Personal Riigikogu mandate easier to earn in bigger electoral districts

In-person voting in the 2019 Riigikogu elections.
In-person voting in the 2019 Riigikogu elections. Source: Aurelia Minev/ERR

While electoral districts' simple quotas in Riigikogu elections actually vary quite little, previous election results indicate that personal mandates are earned several times more often in electoral districts with more mandates than in smaller districts.

Thus in the previous three Riigikogu elections, held in 2019, 2015 and 2011, personal mandates were earned by three candidates in Electoral District 4 — Harju and Rapla counties — Estonia's largest with 15 mandates.

In Electoral District 2 (Tallinn's City Center, Lasnamäe and Pirita districts), its second largest with 13 mandates, personal mandates were earned by three candidates in 2011 and 2015 and two candidates in 2019.

In the previous three elections, at least one personal mandate each was also earned in District 1 (Tallinn's Haabersti, Põhja-Tallinn and Kristiine districts, ten mandates), District 3 (Tallinn's Mustamäe, Nõmme districts, eight mandates) and District 10 (Tartu, eight mandates), as well as District 7 (Ida-Viru County, seven mandates) and District 8 (Järva and Viljandi counties, seven mandates).

Personal mandates are earned by candidates who earn votes equaling or exceeding the simple quota of their electoral district, which is determined by dividing the number of persons who voted in the district by the number of mandates assigned to it.

As the number of mandates assigned to an electoral district is confirmed by the National Electoral Committee (VVK) based on the number of voters, it thus makes sense that simple quotas are relatively similar across all electoral districts, and that they are significantly affected by a given district's voter turnout.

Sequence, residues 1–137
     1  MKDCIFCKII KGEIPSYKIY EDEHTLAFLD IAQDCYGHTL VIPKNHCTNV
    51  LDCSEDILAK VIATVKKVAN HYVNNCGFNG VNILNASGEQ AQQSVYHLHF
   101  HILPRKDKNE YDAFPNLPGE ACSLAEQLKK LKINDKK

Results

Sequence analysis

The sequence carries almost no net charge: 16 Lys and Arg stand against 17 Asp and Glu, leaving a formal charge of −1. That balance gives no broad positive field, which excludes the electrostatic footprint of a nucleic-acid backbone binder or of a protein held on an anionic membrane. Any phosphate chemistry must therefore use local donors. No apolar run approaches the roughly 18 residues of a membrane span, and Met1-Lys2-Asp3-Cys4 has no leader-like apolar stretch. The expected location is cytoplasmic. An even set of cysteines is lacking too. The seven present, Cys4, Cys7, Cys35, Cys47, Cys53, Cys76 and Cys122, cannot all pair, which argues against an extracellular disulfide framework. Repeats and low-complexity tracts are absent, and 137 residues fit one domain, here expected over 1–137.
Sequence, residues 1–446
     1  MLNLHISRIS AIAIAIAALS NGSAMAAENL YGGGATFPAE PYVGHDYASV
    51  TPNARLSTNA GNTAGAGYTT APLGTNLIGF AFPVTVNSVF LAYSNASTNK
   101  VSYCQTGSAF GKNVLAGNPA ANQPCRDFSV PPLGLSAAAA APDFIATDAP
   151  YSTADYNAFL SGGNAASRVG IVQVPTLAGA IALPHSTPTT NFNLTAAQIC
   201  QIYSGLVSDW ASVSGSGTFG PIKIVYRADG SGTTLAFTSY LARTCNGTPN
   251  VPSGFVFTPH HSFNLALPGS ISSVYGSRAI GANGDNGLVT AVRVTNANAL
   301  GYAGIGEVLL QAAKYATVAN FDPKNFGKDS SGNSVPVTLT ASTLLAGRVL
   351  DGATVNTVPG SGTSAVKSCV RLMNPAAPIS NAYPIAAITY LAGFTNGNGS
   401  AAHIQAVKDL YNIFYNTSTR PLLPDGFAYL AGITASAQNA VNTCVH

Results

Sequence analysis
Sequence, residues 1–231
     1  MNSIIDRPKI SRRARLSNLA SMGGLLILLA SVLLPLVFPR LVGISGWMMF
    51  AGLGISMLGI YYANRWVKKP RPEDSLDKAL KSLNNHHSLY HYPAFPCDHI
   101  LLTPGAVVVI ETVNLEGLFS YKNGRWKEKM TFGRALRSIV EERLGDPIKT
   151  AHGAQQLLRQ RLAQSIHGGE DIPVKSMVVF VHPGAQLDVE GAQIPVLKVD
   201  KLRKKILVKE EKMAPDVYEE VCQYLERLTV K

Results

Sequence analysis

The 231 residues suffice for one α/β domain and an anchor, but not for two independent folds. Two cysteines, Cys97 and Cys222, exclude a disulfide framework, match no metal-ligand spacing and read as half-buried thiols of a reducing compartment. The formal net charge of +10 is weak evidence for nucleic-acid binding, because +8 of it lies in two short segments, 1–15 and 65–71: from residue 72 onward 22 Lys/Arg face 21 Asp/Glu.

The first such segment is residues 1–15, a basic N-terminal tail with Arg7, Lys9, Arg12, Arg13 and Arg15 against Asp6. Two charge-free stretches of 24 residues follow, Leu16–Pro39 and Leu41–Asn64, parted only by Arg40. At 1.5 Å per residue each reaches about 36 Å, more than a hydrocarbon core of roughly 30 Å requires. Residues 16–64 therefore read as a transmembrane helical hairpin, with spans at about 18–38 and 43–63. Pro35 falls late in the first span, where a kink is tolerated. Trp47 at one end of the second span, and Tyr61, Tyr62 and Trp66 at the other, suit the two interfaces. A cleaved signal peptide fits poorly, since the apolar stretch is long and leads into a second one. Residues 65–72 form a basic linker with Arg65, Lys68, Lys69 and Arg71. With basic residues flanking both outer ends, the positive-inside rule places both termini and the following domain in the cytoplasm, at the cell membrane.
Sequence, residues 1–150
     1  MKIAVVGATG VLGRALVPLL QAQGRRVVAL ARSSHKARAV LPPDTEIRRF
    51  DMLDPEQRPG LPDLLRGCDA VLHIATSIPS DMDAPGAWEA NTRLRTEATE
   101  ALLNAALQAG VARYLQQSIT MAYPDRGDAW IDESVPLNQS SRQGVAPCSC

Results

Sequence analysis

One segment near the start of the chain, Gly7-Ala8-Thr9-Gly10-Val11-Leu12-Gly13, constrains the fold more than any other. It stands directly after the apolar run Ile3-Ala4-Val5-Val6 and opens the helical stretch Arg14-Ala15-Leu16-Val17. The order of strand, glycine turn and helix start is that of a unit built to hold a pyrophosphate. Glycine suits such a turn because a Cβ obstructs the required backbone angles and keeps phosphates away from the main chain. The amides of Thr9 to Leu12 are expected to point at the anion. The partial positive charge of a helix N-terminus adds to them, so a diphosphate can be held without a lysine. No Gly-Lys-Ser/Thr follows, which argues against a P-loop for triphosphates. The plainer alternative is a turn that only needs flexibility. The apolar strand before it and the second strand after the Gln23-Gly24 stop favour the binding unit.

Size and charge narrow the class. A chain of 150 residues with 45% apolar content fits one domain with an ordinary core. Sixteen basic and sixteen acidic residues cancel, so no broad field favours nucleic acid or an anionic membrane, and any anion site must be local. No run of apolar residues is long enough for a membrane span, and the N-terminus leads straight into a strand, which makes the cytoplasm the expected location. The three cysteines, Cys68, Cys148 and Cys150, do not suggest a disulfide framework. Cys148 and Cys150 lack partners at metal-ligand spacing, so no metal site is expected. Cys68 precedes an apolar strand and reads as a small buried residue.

Thus in 2019, simple quotas in the Riigikogu elections fell in the range of 5,332-6,235 votes, with the exception of Ida-Viru County, where the simple quota stood at 3,859. This anomaly can be attributed by the Northeastern Estonian county's low voter turnout — 48.2 percent of voting-age citizens in 2019, compared with 60.8-69.8 percent in other parts of the country.

In-person voting in the 2019 Riigikogu elections. Source: Aurelia Minev/ERR

On November 30, the National Electoral Committee (VVK) confirmed the number of mandates to be allocated to each electoral district in the 2023 elections.

The number of mandates, or seats, to go to the Ida-Viru County electoral district (District 7) has been reduced from seven to six, with the additional mandate to be assigned to the Harju and Rapla counties electoral district (District 4), boosting the latter's total to 16 mandates.

  • Electoral District 1, Tallinn's Haabersti, Põhja-Tallinn and Kristiine districts: 10 mandates
  • Electoral District 2, Tallinn's City Center, Lasnamäe and Pirita districts: 13 mandates
  • Electoral District 3, Tallinn's Mustamäe and Nõmme districts: 8 mandates
  • Electoral District 4, Harju and Rapla counties: 16 mandates
  • Electoral District 5, Hiiu, Lääne and Saar counties: 6 mandates
  • Electoral District 6, Lääne-Viru County: 5 mandates
  • Electoral District 7, Ida-Viru County: 6 mandates
  • Electoral District 8, Järva and Viljandi counties: 7 mandates
  • Electoral District 9, Jõgeva and Tartu counties: 7 mandates
  • Electoral District 10, City of Tartu: 8 mandates
  • Electoral District 11, Võru, Valga and Põlva counties: 8 mandates
  • Electoral District 12, Pärnu County: 7 mandates

The 2023 Riigikogu elections, in which all of the Estonian parliament's 101 seats are up for election, will be held on Sunday, March 5.

MPs are elected to the Riigikogu for a four-year term.


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Editor: Aili Vahtla

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